Vautier's strong Texas run ends too early in nine-car incident

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FORT WORTH, Texas – Tristan Vautier’s stellar run in Saturday night’s Rainguard Water Sealers 600 ended in a multi-car accident not of his own doing.

Vautier, racing for Dale Coyne Racing as a substitute for the injured Sebastien Bourdais, led 15 early laps in the 248-lap event at Texas Motor Speedway until he was swept up in a nine-car incident on Lap 152.

“It’s a shame because I raced clean all night trying to see the checkered,” Vautier said. “I really wanted to be at the end for my return race and we get taken out in something out of our control.”

The driver of the No. 18 Dale Coyne Racing Honda started fifth in the race, but within 15 laps challenged pole sitter Charlie Kimball for the lead. Vautier was one of the first to try the high line as he and Kimball went side-by-side and swapped the lead for the entire opening stint.

“The car was hooked up,” he said. “I was running a bit more downforce than the Ganassi guys. I was the one that made (the high line) work the earliest in the race than everybody started making it work.”

The 27-year-old Frenchman pressured Will Power for the race lead during the second stint, but faded later as his tires began to wear. Vautier dropped as low as ninth place before he was able to pit for fresh tires and fuel on Lap 95 during the caution for Helio Castroneves’ crash.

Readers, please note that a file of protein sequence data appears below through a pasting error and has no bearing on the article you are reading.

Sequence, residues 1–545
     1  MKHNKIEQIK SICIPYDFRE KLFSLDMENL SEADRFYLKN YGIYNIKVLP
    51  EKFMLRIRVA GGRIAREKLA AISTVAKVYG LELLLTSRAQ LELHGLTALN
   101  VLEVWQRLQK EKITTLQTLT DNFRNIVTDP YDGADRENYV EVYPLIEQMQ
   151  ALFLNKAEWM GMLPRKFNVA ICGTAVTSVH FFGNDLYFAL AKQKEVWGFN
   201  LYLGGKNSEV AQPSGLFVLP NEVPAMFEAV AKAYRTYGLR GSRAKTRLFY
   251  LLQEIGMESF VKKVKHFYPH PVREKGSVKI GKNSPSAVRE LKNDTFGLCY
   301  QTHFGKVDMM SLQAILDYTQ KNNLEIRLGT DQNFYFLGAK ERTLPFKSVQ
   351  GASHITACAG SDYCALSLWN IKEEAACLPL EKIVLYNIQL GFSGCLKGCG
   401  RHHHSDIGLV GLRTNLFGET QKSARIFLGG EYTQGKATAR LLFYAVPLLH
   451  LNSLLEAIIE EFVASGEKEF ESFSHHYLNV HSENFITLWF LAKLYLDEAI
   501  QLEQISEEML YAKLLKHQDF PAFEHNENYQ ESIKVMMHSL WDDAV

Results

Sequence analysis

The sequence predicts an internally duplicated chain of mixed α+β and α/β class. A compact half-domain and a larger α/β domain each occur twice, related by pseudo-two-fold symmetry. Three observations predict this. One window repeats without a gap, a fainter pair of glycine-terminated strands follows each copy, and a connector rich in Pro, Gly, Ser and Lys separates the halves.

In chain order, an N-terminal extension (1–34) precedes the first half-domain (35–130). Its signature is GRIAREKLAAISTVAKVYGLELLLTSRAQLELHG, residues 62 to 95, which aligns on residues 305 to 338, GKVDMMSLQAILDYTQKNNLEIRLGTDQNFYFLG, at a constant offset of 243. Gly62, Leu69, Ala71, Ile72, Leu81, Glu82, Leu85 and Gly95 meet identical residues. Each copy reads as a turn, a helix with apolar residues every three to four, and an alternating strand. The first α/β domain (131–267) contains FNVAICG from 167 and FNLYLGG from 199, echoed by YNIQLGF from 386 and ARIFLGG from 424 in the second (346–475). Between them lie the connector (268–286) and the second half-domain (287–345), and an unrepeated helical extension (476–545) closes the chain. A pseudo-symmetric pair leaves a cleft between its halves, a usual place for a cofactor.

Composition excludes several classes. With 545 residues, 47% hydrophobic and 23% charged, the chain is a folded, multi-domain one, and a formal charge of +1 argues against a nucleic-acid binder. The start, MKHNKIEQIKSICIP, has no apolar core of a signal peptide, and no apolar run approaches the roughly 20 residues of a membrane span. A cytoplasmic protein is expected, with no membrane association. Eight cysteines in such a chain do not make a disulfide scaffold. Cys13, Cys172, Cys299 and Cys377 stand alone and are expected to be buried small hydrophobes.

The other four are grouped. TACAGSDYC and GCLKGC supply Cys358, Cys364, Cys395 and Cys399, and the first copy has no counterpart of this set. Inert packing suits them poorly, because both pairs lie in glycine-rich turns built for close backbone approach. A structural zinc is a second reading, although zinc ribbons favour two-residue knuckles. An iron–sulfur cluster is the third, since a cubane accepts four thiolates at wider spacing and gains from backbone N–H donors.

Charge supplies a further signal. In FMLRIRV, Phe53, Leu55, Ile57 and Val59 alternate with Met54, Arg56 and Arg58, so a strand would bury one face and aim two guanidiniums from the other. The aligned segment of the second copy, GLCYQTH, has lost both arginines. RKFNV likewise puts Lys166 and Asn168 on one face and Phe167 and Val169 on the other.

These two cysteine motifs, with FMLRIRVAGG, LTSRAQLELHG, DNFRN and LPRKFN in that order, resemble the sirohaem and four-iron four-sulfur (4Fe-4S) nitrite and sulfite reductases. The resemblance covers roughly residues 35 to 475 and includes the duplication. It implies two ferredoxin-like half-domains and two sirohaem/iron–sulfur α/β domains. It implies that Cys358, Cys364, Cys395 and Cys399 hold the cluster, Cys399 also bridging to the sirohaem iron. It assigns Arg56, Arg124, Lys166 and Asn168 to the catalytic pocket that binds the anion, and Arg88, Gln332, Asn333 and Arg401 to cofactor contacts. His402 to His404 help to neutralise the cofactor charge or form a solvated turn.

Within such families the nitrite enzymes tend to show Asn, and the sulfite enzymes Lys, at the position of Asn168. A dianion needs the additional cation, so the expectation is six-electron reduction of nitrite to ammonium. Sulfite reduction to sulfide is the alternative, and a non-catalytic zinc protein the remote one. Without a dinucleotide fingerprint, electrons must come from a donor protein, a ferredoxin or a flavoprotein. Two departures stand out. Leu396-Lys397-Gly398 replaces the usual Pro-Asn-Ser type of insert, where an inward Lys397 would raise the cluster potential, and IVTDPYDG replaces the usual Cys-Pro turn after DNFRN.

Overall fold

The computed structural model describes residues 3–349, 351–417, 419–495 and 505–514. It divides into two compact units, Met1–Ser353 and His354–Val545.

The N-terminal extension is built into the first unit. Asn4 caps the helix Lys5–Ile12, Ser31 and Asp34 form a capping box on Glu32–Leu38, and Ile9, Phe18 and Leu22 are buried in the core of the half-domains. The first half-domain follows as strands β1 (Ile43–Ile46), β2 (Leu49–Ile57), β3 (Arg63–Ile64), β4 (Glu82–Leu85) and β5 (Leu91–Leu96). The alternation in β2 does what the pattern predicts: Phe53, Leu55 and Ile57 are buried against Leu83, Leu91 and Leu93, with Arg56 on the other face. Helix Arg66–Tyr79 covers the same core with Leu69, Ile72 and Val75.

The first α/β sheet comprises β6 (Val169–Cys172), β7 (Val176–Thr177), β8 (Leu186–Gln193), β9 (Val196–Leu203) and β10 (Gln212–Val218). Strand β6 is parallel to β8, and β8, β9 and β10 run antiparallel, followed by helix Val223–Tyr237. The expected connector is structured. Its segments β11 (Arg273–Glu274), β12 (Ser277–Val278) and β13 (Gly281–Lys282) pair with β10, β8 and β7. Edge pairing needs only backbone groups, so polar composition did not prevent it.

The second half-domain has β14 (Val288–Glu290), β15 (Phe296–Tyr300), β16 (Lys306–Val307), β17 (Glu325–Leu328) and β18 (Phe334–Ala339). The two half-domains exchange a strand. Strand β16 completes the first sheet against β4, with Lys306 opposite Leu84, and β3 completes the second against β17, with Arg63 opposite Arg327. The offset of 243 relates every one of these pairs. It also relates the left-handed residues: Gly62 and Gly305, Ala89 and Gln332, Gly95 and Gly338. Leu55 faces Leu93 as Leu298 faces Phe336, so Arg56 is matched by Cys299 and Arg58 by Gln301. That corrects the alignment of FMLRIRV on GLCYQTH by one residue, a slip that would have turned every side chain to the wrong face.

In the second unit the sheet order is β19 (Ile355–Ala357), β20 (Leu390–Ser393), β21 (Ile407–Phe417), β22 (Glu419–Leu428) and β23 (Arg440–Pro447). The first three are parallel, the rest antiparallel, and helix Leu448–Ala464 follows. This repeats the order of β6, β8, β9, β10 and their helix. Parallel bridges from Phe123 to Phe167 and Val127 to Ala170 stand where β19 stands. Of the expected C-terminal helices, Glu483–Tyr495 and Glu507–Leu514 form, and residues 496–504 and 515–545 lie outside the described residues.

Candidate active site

“I started to get really, really loose,” Vautier said. “I was just trying to hang on until the next stop and not spin the car. I knew with how much grip I had, even if I was losing positions, I could make it back.”

The 2013 Verizon IndyCar Series rookie of the year resumed his march to the front after taking the Lap 106 restart from seventh position. Vautier was running eighth on Lap 152 when he unfortunately had a perfect view of what triggered the incident that ended his night.

Tony Kanaan, in the No. 10 NTT Data Honda, made contact with James Hinchcliffe in the No. 5 Arrow Schmidt Peterson Motorsports Honda entering Turn 3, starting a crash involving nine cars – including Vautier.

“I had nowhere to go,” he said. “For a while you think you can make it. Instinctively, you just turn left down below the apron. My right front touched Hinch’s car and it took off and broke my suspension and sent me straight into the wall.”

Vautier finished 15th. Considering his excellent run to that point, Vautier was disappointed to be eliminated but happy with his pace considering it was his first time in an Indy car since the 2015 season finale.

“It’s a shame there were 100 laps to go,” he added. “We were strong and we were driving hard, but I wanted to see the checkered and, when there were situations like that, I was trying to be smart.

“I was trying to show people I could run a solid race and not go desperate because it was my one race back. It’s sad to end it like that, but it showed well and we did our best.”

Team owner Dale Coyne has not decided who will be in the No. 18 Honda in two weeks at Road America. Vautier has no regrets and knows he gave it his best effort, even if this is his only opportunity.

“It was just amazing for me,” he said. “It was the best oval car I have ever driven. I sincerely hope I will be back in INDYCAR, but if I never go back, I will look back on this amazing experience on an oval. It boosted my confidence and it showed that if I have a good car, I can fight in the front with the best guys.”

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